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Crooked Dice

***DISCLAIMER***
The Brothers Graham in no way support or condone cheating at any game, especially when stakes are involved. That being said, the following information is supplied for educational and entertainment purposes only and should not be used for personal gain.

The art of loading dice has been around since dice and gambling themselves. Techniques can be as simple as shaving the face or corner of a die, or as complex as using magnetic tables or special dice with mercury reservoirs.

Contents

  1. Types of Loaded or Crooked Dice
  2. Loaded Dice
  3. Iced Dice
  4. Variable Load Dice
  5. Magnetic Tables
  6. TUTORIAL: How to Load Dice
  7. Playing with Loaded Dice
Types of loaded or crooked dice

Loaded Dice
The term loaded dice is casually used to describe any dice designed for cheating, but in actuality, it refers to dice that have been altered to have increased weight on a certain side, throwing the odds in favor of chosen number. Iced dice refer to the lead that is commonly used to weight a loaded die. Techniques for loading include drilling out a pip and inserting a weight (as demonstrated below), weighting the paint on the pip itself, or creating a "variable load" die.

Iced dice
How to insert weight into a die is described in detail below. The idea is to insert weight into a die on the opposite side than the face desired. This causes the heavy side to be more likely to fall to the table. A good loaded die should increase the odds in favor of the chosen face, but not be so heavy that the face is always up, for this can draw suspicion.

Variable load dice
Variable load dice are a more sophisticated way of creating a die where you can adjust which side the weight is on without realtering the die. One ingenious method is to hollow out a die completely via one of the pips, insert a small weight, then fill the cavity with a soft wax with a melting point just above room temperature. The pip is then filled with a glue or epoxy and colored black. To use the die, one can hold it in their closed hand for a moment with the desired face up. The wax then melts, allowing the weight to drop o the opposite side. The die is then held in an open palm for a moment so the wax can harden, holding the weight against the edge and effectively throwing the odds.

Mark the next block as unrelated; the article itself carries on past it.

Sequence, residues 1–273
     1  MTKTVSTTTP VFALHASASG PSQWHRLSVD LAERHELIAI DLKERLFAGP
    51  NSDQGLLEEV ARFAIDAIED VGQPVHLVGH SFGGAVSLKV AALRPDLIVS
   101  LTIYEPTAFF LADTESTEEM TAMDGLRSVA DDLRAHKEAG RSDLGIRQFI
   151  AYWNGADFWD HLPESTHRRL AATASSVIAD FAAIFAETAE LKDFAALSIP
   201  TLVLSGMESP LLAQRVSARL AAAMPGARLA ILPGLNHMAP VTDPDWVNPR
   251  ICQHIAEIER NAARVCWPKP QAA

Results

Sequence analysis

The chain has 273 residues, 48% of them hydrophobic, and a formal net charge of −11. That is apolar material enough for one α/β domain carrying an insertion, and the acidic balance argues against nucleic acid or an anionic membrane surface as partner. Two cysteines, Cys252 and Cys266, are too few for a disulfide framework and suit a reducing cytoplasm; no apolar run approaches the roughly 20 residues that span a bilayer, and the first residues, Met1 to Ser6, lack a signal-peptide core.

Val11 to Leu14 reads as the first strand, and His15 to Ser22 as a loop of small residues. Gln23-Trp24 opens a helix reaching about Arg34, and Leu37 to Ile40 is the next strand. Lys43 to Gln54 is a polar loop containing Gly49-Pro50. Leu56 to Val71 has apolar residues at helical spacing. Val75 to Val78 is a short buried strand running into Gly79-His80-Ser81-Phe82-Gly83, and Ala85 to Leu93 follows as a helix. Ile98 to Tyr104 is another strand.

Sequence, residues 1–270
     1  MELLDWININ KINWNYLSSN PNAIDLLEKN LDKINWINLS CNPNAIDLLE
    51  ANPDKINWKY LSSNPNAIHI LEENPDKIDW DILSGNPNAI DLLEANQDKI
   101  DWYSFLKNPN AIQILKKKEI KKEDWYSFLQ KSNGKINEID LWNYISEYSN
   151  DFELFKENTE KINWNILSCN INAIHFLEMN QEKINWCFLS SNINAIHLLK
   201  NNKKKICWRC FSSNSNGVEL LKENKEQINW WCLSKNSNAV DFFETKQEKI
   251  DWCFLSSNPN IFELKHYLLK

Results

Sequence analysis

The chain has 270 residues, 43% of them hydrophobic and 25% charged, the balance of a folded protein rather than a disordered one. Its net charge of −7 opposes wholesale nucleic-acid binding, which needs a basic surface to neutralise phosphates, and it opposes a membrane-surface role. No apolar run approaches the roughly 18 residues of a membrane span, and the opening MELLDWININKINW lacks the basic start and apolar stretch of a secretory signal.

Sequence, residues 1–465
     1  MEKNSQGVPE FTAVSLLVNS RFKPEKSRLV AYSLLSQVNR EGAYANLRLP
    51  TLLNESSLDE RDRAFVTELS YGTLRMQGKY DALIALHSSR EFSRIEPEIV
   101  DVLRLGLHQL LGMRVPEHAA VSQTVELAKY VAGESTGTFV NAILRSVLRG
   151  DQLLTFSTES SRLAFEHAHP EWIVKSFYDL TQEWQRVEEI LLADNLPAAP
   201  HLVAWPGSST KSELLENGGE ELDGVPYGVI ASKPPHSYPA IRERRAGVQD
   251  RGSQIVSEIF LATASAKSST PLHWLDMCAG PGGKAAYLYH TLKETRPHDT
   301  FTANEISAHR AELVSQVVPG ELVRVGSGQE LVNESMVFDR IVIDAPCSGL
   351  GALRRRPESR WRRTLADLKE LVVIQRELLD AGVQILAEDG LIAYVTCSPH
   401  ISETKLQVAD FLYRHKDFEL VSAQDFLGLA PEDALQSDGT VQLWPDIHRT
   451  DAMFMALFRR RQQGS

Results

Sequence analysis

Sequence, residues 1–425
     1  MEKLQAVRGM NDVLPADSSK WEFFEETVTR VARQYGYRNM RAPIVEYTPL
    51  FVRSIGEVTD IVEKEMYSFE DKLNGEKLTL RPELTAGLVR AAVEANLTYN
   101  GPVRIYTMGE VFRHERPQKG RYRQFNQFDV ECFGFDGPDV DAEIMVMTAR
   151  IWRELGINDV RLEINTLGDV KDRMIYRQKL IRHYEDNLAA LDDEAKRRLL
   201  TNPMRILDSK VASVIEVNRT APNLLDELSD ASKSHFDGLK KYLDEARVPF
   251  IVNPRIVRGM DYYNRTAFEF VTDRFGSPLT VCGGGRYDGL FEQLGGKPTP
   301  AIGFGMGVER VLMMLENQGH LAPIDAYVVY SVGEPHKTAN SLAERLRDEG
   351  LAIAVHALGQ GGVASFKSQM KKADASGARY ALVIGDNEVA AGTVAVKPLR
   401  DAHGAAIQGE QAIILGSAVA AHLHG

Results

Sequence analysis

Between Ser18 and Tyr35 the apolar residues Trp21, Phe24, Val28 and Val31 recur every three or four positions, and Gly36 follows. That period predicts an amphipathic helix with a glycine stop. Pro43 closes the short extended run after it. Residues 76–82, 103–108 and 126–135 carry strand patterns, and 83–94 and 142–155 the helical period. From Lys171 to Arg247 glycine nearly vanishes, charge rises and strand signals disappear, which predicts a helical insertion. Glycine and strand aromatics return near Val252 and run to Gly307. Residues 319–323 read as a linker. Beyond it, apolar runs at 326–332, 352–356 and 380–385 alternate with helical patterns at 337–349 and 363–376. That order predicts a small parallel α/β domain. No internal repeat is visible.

Another more sophisticated method of creating variable load dice involves creating a special die with a centeral reservoir, with capillary tubes running to other reservoirs behind each of the faces. The central reservoir is filled with mercury. The die can then be tapped against a table or other hard surface, forcing the mercury into one of the secondary reservoirs and weighting that side. Because of the means that the mercury is distributed, these dice are known as tappers.

Magnetic Tables
AN especially popular way for the house to cheat in the wild west days was to create a magnetized table. Magnetic coils were placed under the felt of a craps table. The polarity of the coils could be set to positive or negative (of shut off completely) by the table operator. Special magnetic dice were used, and they could be stopped at given faces by activating the coils.

TUTORIAL: How to Load Dice

Here is a somewhat simple way to load your own die. We did this at home, with minimal tools and abilities. Here's what you will need:

  1. One standard six-sided die (opaque, not casino-style clear)
  2. A Dremel tool or drill with small bit